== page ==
APPRAISER: It has an elevated fingerboard, elevated over the body. It has two F holes, like a violin, and actually, similar to a violin, it has the bridge positioned around the center of the body, around the center of the arch. And it is arched like a violin and tap toned, meaning internally tuned. The thicknesses of the plates inside are tuned like a violin.

GUEST: Okay.

APPRAISER: And Loar was the first guy to do this to a mandolin. It also has a longer playing length of the neck. It has 15 frets to the body. Earlier mandolins had shorter necks. Gibson had been making these F-style mandolins from the turn of the century on, but this innovation in mandolin making was something that Loar excelled in, and this became basically the prototype style for all mandolins to come. Loar also developed this nice little, neat screw-in Pickard clip, which was a lot neater than the earlier ones. It has inside the Gibson label with serial number, as well… and the other side, it’s got the master model label. Now, this was the professional, master-grade mandolin that Gibson put out late 1922 and onwards. And these early ones, the ones made while Loar was at the factory from late 1922 through 1924, we call them Lloyd Loar model F-5s. This has the most beautiful what they call Cremona brown sunburst color to it. If I had to grade it in Gibson mandolins, or Lloyd Loar mandolins, I’d probably put it in the top ten percent of the ones I’ve seen.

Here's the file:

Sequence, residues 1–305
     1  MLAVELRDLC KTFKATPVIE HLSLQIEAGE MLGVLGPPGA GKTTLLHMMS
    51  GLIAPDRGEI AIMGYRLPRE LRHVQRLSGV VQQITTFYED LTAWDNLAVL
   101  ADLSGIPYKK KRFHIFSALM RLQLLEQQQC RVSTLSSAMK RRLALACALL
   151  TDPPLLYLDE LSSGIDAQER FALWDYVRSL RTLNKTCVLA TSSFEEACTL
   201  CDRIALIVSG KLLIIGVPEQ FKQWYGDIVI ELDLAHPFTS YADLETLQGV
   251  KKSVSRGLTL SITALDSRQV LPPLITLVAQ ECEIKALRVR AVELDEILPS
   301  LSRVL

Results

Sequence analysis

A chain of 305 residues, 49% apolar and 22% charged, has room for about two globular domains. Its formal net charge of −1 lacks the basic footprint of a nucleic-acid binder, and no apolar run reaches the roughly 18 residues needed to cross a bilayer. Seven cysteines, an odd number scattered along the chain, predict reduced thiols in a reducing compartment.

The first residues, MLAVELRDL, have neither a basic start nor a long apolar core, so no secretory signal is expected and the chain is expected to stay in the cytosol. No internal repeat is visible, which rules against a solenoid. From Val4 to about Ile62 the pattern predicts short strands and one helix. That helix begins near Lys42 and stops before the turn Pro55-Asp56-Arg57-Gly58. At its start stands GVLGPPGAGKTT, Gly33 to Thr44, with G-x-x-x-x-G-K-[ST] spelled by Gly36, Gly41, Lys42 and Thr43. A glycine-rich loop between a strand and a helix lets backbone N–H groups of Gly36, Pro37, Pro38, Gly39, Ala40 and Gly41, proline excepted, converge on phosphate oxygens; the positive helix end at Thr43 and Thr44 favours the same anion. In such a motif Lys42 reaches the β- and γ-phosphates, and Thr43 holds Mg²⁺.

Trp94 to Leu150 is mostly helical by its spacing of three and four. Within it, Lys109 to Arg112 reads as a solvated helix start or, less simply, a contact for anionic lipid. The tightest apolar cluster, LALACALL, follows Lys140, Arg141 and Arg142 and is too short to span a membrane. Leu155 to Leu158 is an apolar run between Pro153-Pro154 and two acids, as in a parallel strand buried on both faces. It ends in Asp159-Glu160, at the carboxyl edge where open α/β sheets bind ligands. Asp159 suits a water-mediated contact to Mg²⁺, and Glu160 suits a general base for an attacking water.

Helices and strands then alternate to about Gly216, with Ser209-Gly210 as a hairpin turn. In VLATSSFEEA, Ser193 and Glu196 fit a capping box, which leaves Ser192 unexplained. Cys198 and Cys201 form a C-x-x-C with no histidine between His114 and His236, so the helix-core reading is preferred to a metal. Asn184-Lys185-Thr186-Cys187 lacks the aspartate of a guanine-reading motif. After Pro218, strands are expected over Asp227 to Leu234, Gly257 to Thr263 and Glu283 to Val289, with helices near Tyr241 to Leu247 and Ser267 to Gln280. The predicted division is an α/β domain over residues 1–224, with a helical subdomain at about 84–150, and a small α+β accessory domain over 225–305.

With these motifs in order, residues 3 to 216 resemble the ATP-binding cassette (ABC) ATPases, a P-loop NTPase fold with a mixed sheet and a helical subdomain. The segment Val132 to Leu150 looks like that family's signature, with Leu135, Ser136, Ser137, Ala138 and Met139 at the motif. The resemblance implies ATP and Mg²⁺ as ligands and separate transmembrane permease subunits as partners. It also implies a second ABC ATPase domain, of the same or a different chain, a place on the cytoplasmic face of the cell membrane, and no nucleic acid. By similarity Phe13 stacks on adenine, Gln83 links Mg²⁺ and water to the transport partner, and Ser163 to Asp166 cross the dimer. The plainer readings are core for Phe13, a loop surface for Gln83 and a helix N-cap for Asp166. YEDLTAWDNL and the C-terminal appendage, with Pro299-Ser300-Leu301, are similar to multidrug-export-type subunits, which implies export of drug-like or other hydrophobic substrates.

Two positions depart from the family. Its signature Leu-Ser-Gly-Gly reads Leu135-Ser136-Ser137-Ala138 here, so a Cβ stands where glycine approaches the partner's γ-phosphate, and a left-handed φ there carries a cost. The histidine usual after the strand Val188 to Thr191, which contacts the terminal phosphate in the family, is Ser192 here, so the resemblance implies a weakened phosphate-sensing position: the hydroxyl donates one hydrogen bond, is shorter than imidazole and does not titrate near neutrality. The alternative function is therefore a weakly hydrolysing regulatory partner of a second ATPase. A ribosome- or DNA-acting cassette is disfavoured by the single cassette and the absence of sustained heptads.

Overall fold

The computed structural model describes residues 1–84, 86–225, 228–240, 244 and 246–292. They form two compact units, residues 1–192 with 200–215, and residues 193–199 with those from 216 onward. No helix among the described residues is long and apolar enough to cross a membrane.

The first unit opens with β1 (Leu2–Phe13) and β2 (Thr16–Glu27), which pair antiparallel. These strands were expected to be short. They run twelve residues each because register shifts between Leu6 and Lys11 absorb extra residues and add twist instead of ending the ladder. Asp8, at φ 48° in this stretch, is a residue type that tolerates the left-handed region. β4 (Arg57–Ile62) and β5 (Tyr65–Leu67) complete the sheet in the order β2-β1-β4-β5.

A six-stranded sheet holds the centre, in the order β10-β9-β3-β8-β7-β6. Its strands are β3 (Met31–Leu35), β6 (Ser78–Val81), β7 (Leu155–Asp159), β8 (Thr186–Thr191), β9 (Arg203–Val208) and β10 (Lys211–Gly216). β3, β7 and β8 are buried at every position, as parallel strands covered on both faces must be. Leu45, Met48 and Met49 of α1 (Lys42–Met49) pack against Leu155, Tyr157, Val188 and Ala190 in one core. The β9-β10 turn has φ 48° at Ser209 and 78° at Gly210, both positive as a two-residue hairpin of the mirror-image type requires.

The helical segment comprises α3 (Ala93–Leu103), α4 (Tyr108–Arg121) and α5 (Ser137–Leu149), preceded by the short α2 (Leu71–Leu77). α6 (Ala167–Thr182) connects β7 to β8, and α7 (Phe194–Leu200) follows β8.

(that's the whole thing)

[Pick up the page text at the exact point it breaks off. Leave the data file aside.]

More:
APPRAISER: When did he buy it again?

GUEST: During the Great Depression. From what I understand, he paid $20 for it, and at the time, you know, it was estimated probably around $600 is what I’m told.

APPRAISER: Right, that being said, I would say these days, a correct asking price through a dealer in a shop would be about $175,000.